Experts say the pandemic will unleash a food security crisis not seen since the Great Recession. As we learned during the 2008-09 Great Recession, governments – with the support of financial institutions, the United Nations, and others – can mitigate the risk of global food shortages and high prices.
ROME – COVID-19 has been slowly creeping into our communities. As we seek to ensure our families’ health and safety, to many people, food has never seemed so important, both as a source of nutrition and, for many, of comfort. The question is whether, as economic disruption continues, we can stave off a pandemic-related food crisis.
What and how we eat affects our health and wellbeing. We depend on farmers to continue working their fields, on supermarket cashiers to show up at their jobs, and on drivers to deliver our food to markets or front doors. But there are strains. In some places, nutritious food is becoming scarce. Among other concerns, food is being hoarded, leaving little on shelves for consumers.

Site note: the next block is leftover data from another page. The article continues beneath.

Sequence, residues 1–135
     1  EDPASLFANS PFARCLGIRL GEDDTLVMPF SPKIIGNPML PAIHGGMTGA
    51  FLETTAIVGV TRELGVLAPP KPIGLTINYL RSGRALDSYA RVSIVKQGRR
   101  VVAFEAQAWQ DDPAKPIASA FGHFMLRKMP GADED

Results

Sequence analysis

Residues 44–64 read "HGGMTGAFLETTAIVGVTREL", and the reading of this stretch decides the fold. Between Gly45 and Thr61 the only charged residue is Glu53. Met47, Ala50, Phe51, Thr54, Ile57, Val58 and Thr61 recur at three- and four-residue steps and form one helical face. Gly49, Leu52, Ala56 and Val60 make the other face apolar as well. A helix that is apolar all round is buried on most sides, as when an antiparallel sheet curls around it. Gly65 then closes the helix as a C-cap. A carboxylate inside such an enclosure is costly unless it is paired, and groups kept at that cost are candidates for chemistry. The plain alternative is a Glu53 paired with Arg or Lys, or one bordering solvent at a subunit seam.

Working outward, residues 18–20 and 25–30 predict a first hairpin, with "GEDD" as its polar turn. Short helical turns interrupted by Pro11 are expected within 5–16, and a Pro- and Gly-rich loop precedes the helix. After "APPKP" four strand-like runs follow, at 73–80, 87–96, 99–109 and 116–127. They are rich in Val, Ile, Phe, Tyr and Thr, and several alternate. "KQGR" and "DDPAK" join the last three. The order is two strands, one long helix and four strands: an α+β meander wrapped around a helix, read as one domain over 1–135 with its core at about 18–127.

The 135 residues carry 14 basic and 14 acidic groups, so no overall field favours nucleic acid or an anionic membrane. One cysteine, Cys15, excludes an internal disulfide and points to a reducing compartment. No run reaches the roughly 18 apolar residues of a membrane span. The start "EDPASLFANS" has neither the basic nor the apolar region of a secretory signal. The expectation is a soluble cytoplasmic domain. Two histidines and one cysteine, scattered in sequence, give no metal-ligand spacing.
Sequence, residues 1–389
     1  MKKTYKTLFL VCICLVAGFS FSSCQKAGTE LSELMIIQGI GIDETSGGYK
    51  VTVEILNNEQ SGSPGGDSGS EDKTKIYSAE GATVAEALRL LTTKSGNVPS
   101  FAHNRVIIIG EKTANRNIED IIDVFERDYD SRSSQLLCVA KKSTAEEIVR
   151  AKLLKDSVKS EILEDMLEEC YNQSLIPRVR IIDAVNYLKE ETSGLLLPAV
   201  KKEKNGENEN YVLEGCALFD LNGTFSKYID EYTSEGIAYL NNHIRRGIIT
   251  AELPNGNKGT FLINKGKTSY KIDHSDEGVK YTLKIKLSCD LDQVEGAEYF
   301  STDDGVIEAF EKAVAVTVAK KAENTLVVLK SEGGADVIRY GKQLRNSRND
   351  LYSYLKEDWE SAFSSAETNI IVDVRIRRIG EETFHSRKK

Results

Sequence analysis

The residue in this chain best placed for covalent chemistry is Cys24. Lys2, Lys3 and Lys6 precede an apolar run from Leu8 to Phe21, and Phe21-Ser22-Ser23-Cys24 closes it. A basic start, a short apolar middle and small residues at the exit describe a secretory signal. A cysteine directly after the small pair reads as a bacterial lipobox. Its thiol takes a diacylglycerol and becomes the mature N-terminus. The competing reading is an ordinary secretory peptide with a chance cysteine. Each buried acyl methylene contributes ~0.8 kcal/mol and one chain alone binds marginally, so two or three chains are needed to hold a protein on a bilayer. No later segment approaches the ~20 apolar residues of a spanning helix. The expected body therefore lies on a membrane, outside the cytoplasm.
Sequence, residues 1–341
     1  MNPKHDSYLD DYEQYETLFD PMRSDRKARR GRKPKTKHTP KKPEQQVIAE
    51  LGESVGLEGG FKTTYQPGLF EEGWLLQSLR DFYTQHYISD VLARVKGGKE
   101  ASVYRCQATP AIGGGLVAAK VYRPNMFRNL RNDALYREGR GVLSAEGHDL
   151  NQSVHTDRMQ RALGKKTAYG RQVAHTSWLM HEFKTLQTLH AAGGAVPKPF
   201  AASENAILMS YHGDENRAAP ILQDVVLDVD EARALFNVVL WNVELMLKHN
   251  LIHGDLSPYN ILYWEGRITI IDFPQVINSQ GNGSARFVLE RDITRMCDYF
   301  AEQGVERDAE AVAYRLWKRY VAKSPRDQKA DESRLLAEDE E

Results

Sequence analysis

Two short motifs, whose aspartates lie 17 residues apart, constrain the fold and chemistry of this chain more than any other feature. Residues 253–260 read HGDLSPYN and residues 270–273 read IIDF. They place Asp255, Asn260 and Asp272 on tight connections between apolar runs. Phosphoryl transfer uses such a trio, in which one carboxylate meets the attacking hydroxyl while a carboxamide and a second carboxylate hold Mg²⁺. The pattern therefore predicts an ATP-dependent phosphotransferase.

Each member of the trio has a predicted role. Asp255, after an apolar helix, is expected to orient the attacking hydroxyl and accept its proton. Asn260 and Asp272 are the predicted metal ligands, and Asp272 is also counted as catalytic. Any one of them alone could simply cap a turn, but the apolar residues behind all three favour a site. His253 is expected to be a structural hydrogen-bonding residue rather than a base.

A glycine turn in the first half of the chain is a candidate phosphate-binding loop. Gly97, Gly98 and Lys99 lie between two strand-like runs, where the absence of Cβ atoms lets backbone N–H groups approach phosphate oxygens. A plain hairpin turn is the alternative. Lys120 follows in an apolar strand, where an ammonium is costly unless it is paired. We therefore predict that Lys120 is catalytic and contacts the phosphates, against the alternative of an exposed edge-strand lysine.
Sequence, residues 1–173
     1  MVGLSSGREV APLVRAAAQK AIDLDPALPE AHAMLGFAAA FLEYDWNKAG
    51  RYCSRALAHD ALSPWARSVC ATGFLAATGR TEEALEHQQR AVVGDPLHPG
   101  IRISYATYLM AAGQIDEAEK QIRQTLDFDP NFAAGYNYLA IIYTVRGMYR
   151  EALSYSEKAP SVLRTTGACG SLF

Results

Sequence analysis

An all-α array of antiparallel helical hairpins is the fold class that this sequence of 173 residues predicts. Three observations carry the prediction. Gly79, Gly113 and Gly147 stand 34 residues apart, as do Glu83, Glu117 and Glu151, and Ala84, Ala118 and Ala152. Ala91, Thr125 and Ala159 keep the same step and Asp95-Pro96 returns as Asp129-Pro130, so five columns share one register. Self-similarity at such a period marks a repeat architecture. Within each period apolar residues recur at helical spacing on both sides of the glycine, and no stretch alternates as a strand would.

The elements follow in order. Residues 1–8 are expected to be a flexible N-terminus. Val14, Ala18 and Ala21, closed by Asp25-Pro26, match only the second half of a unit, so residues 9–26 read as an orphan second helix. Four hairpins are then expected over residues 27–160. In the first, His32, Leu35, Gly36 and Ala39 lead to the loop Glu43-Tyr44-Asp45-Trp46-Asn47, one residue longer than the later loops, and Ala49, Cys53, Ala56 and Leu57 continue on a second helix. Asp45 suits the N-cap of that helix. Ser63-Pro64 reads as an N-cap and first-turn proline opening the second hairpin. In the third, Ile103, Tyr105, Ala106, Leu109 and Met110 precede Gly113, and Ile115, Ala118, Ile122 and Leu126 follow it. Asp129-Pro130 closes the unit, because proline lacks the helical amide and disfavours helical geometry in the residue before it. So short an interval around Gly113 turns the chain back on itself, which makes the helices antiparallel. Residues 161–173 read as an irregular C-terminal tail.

All of us must act. We must work together to save lives, meet immediate needs through emergency responses, and plan for longer-term solutions to support recovery and build resilience. Governments and responsible leaders need to promote and protect reliable, safe, and affordable food supplies, especially for the world’s most vulnerable.